The decision

Upper Tribunal
(Immigration and Asylum Chamber) Appeal Number: PA/04635/2019


Determined Without a Hearing
At Field House
Decision & Reasons Promulgated
On 6 July 2020
On 31 July 2020






1. Pursuant to rule 14 of the Tribunal Procedure (Upper Tribunal) Rules 2008 I make an order prohibiting the disclosure or publication of any matter likely to lead members of the public to identify the appellant. Breach of this order can be punished as a contempt of court. I make this order because the appellant is an asylum seeker.
2. This is an appeal brought with permission of Upper Tribunal Judge Coker against a decision of the First-tier Tribunal dismissing the appellant's appeal against a decision of the respondent on 2 May 2019 refusing him asylum.
3. A listed hearing was vacated because of the well-known national lockdown and on 22 April 2020 Upper Tribunal Judge Gill gave special directions raising the possibility of the appeal being determined without a hearing. I remind myself of my powers and obligations under Rule 34 of the Tribunal Procedure (Upper Tribunal) Rules 2008. Most of the business of the Tribunal may be conducted without a hearing but before deciding not to have a hearing I am obliged to have regard to the wishes of the parties. There was already a skeleton argument on the papers from Ms A Fijiwala of the Senior Presenting Officers' Unit but in response to directions further submissions were sent by the respondent. The appellant sent outlined further submissions consolidating points made in the existing grounds but, for present purposes still more importantly, expressly requested the appeal to be dealt with without a hearing.
4. It is well understood but for the record I make it clear that the "Covid-19 crisis" has placed exceptional demands on the Tribunal's resources and it will be impossible to arrange "socially distant hearings" or "remote hearings" for all the cases in the system without causing unconscionable delay which is contrary to the obligations under Rule 2 of the Procedure Rules. I do not need the consent of the parties but the fact that there is overt consent from the appellant and no opposition from the respondent makes it easier to decide this is a case where I should and do exercise my powers to make a decision without a hearing.
5. At the risk of oversimplification and by way of introduction it is the appellant's case that he risks persecution because he is associated with a political group in Vietnam. He has already been in trouble with the authorities there because of his support and he has fled to the United Kingdom. He fears persecution in the event of his return. In similarly summary form it is the respondent's case that the appellant is untruthful and indeed the First-tier Tribunal did not believe the appellant.
6. The core of the case is that the reasons given for disbelieving the appellant do not stand up to scrutiny. When she gave permission Judge Coker described the grounds as "just about arguable".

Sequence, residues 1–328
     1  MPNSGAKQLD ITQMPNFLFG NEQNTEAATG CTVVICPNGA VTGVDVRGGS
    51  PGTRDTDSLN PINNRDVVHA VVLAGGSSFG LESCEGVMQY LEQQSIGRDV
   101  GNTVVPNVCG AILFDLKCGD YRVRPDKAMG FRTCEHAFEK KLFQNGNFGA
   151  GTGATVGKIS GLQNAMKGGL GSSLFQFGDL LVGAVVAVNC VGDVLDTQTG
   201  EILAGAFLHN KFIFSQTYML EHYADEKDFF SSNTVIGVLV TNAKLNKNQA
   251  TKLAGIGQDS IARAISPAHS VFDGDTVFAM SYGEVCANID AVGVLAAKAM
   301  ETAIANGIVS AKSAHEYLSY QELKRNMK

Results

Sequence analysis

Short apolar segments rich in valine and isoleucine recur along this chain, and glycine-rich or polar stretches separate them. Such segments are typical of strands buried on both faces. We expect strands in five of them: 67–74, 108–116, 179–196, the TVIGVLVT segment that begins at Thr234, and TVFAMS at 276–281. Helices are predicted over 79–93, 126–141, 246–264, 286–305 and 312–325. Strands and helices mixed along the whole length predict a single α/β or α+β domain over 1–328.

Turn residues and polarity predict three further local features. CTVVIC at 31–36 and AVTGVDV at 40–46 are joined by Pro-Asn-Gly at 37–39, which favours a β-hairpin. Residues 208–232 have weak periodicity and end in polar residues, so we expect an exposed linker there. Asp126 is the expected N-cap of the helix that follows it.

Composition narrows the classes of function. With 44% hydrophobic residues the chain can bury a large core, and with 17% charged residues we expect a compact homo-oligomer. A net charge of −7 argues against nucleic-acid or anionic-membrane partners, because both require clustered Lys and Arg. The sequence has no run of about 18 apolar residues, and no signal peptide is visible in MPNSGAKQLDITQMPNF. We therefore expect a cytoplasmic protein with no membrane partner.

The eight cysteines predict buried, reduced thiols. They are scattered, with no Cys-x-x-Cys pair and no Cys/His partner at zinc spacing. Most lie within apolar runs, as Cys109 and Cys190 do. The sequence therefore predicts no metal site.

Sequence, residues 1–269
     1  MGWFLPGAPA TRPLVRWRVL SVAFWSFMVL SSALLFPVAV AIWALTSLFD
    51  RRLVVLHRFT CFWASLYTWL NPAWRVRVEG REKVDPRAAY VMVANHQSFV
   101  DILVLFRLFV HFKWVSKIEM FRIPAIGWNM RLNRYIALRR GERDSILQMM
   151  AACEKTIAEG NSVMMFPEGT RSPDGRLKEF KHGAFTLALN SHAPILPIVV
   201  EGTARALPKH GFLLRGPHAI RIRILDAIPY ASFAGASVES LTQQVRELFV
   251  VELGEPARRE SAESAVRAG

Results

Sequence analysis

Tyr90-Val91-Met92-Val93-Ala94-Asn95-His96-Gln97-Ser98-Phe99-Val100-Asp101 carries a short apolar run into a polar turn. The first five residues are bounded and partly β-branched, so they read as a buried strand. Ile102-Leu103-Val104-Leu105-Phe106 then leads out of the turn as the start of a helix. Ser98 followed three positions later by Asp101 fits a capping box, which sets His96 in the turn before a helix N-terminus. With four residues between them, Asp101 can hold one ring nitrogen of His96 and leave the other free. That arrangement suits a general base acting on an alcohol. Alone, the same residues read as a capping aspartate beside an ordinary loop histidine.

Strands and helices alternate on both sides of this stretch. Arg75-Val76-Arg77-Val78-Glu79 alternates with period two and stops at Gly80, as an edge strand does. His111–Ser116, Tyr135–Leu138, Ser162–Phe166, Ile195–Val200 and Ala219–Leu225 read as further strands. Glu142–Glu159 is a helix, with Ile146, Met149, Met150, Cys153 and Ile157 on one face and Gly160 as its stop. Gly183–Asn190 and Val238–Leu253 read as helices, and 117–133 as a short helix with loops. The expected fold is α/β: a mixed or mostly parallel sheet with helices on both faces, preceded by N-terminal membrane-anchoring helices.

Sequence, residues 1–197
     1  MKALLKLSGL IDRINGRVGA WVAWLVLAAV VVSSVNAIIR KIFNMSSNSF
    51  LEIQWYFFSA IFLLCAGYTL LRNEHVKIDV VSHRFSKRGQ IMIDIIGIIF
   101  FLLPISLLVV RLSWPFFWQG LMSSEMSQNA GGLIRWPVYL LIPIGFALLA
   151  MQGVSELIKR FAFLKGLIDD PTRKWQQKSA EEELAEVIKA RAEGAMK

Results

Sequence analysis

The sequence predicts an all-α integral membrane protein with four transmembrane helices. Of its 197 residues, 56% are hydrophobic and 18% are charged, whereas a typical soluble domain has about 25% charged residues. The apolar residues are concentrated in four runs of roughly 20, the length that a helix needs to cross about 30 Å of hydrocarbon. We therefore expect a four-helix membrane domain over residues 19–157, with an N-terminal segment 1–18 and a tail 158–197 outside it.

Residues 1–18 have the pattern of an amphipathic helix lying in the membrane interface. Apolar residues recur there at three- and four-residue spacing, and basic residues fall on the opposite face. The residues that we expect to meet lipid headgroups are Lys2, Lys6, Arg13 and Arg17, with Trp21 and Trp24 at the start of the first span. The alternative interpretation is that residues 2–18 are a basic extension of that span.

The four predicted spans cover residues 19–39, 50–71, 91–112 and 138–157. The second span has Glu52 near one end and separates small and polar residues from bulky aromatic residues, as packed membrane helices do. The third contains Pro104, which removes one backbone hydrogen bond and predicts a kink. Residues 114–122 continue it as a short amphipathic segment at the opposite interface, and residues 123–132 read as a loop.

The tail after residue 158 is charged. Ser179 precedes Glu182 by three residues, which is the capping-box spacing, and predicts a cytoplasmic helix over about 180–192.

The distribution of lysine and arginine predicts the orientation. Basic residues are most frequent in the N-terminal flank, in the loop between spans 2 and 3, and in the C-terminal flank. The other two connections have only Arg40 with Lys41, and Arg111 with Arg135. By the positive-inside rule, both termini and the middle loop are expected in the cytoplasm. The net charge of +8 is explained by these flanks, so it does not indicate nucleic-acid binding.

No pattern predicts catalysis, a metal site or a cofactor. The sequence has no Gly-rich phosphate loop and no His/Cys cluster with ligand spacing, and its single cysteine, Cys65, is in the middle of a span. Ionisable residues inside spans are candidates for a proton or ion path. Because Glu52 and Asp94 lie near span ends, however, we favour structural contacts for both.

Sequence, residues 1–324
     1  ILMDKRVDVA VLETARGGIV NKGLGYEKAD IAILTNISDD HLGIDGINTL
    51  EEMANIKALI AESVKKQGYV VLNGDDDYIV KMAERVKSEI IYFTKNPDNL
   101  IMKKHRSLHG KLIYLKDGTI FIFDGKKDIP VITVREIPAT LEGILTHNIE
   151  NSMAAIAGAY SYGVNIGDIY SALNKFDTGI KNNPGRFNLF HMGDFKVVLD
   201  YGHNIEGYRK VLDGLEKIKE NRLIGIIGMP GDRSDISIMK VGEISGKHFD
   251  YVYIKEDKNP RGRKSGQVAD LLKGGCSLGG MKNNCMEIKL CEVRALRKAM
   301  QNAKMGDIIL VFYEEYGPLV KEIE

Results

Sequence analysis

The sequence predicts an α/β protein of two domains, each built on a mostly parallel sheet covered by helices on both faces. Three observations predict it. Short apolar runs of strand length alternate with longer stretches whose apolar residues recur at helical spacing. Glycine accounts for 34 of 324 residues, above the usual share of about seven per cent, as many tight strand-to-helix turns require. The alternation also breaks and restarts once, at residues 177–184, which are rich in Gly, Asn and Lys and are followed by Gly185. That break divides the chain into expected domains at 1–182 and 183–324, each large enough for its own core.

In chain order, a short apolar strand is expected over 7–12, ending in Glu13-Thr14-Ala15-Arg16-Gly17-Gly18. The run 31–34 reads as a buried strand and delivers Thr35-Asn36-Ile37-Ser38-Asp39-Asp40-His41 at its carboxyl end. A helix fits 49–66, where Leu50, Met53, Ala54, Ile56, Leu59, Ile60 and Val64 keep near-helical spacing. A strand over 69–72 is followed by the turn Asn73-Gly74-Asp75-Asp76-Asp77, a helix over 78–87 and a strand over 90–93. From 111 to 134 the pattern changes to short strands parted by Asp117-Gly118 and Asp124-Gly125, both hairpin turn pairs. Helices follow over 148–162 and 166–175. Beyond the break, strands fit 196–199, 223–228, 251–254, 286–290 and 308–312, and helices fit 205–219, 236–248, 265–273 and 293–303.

7. I begin by considering how the First-tier Tribunal analysed the case.
8. The judge set out, probably in full, the statement of the appellant and the skeleton argument of his representative. There was a general adverse credibility finding at paragraph 20 and an explanation for that finding in subsequent paragraphs.
9. There is nothing in the Decision and Reasons to suggest that the order in which the judge sets out his findings is an indication of the findings being made sequentially beginning with the finding that is recorded first.
10. The first point noted was the appellant's claim to have been beaten by undercover police officers when he attended a demonstration. The judge noted there was "no evidence" to confirm that the people who attacked him were any kind of state official, police officer or otherwise, and the appellant was indulging in conjecture.
11. He claimed he had been protesting against the actions of the Formosa Company as well as the Vietnamese government but the judge found no independent evidence to support that claim.
12. He was particularly unimpressed with the appellant's claim that when he returned home from the demonstration he was told by his friend TAN that mutual friends had been arrested. The judge was concerned because TAN was the person the appellant had said had spoken to him about the Formosa Company and had attended the demonstration with him and, according to the appellant, had taken the appellant to hospital to have stitches in his head wound. The judge could not understand how if the appellant had been spending his time with TAN at hospital, TAN could have been in a position to be told about mutual friends being arrested but even if that were the case why he had to wait until the appellant went home before TAN told him. If the situation were as described TAN could have told him in hospital and he could have fled from there.
13. There were no details of the friend who the appellant said entertained him before he was able to leave the country and after he left his parents' home.
14. The judge was unimpressed with the arrest warrant. The appellant said his mother had sent it to him by post. No envelope had been kept but it arrived in December 2018. He said it had been issued to the home of a friend where he had stayed before he left Vietnam.
15. He did not know how the police had found out he had stayed at that address. He speculated that somebody had told them. He could not explain how the warrant had got to the hands of his mother. He had not been told. He suggested a friend must have taken it. He did not know what had happened to the friends who had been arrested.
16. The judge found it revealing that he did not claim to have asked his mother. The judge found that a truthful person would have been concerned, the judge found. The judge noted the supporting letter from the Brotherhood for Democracy but noted that the author had not attended the hearing to support the appellant.
17. Perhaps more significantly, the appellant could offer no explanation for there being no address or contact details or any other feature to enable verification. The judge found it significant that the appellant had not produced the warrant before the hearing so that the Secretary of State could check it or investigate it.
18. Overall, the judge was unimpressed with the documents. There were no security marks or anything on them to stop them having been produced on a home computer.